Geneva: Ukraine wants Switzerland to represent its interests in Russia after the break-off of diplomatic relations, the Swiss Foreign Ministry in Bern announced on Thursday.
Negotiations for such a protecting power mandate have been concluded, dpa news agency quoted the Ministry as saying in response to a request.
“For the protecting power mandate to come into force, Russia still has to give its consent,” it said.
Whether this will happen, however, is questionable.
The Russian embassy in Bern wrote to the Zurich-based Tages-Anzeiger newspaper that the Swiss government was no longer neutral after it adopted the sanctions imposed on Moscow after it waged its ongoing war against Ukraine.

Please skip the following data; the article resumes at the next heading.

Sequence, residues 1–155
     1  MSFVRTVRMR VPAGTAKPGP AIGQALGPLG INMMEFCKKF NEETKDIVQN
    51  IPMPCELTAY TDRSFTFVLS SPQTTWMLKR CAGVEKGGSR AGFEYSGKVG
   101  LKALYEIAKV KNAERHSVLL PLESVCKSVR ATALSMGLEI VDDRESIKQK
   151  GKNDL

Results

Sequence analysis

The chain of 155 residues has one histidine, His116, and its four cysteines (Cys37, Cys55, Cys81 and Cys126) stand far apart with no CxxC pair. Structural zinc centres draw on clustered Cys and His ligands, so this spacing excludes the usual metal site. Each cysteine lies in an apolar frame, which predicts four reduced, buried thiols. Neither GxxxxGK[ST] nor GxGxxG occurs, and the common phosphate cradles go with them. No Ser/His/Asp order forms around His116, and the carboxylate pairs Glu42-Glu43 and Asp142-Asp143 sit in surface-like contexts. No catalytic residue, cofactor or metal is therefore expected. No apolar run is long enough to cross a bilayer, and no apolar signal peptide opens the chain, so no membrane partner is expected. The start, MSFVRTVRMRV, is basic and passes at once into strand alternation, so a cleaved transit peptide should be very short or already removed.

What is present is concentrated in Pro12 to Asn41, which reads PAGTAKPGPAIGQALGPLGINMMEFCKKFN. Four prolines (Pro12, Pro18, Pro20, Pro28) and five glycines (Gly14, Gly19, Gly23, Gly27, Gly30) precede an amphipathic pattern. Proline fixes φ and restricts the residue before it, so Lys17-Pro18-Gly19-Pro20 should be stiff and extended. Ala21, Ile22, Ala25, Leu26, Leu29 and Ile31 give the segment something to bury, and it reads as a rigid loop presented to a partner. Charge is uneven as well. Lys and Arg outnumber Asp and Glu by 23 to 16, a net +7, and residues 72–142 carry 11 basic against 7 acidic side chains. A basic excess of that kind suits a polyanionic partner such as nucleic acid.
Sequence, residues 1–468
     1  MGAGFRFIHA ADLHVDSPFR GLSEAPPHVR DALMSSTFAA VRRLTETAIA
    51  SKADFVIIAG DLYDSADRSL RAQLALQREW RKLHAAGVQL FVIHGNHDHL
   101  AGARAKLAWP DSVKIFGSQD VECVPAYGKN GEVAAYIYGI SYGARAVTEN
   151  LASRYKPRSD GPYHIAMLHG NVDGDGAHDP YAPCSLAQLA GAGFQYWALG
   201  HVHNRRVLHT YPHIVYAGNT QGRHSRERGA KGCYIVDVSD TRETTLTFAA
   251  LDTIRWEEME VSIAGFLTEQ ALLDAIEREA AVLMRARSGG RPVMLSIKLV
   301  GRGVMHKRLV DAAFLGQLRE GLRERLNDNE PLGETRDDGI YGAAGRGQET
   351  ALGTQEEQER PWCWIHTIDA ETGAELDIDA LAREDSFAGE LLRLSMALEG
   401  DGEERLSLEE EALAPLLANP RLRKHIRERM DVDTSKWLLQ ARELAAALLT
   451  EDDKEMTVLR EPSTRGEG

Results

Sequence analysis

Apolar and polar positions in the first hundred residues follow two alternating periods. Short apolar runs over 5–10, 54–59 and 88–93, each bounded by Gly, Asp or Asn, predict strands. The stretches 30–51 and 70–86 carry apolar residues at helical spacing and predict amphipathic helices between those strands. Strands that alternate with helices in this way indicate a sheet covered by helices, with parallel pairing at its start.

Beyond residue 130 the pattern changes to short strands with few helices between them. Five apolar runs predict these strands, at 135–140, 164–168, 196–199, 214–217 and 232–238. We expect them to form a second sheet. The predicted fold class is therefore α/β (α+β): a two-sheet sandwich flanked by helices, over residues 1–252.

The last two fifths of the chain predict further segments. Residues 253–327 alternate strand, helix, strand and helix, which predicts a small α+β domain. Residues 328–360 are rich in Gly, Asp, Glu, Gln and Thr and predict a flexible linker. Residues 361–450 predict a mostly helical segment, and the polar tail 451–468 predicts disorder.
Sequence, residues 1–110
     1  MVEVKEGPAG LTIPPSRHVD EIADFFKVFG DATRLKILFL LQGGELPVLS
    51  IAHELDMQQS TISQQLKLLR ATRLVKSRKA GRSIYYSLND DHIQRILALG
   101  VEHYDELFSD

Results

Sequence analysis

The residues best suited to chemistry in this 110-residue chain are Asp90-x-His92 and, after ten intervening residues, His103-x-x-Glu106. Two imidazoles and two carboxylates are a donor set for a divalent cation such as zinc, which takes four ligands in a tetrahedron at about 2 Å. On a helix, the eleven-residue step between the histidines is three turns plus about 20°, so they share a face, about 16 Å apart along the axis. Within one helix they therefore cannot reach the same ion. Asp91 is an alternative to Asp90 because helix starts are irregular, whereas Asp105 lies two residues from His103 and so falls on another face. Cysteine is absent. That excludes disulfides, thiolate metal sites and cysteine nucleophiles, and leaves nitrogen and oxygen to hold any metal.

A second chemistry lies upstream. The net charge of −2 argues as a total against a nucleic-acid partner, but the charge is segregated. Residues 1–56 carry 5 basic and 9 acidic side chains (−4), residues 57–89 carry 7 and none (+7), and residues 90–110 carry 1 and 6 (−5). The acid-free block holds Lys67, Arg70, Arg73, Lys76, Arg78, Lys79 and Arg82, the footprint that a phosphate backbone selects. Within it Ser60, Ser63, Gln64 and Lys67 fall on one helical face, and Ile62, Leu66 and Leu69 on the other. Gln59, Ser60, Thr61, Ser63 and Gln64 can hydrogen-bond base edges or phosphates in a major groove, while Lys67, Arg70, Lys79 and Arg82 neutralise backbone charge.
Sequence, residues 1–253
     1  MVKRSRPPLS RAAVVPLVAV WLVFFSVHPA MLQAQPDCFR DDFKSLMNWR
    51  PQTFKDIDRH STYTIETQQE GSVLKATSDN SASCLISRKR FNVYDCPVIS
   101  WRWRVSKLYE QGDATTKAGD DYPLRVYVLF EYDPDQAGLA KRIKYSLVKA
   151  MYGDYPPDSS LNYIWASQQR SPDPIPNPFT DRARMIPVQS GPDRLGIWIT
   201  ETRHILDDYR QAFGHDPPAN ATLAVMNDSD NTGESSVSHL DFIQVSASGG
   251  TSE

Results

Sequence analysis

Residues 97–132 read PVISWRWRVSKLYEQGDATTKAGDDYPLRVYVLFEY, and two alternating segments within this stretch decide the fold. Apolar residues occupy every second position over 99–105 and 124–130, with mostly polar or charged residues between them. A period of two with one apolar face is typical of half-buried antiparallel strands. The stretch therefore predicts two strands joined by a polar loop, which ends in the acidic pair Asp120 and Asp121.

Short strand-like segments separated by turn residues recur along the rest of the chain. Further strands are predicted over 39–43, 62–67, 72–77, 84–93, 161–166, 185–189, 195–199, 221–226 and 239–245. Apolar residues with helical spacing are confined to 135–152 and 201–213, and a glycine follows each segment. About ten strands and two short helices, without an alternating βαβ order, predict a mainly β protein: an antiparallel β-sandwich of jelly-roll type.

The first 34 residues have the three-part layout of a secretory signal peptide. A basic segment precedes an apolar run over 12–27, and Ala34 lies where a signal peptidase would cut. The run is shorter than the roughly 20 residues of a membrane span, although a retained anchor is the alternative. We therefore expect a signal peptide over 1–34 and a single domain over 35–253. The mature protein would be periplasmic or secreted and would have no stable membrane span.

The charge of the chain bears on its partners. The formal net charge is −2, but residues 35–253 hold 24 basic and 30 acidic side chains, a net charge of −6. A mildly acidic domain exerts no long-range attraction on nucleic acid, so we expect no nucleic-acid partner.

Russia is “not prepared to consider mediation offers from countries that have joined the anti-Russian sanctions in the negotiations with Ukraine”.
Switzerland has a long tradition of acting as a protecting power.
It first looked after the interests of the Kingdom of Bavaria and the Grand Duchy of Baden in France during the Franco-Prussian War of 1870-71.
As a protecting power, it is, for example, the point of contact for nationals who live in the other country but no longer have a home embassy there, if the home and host states have broken off relations.
If necessary, it can also deliver diplomatic dispatches and act as a mediator in negotiations.
Switzerland currently provides such services for several countries.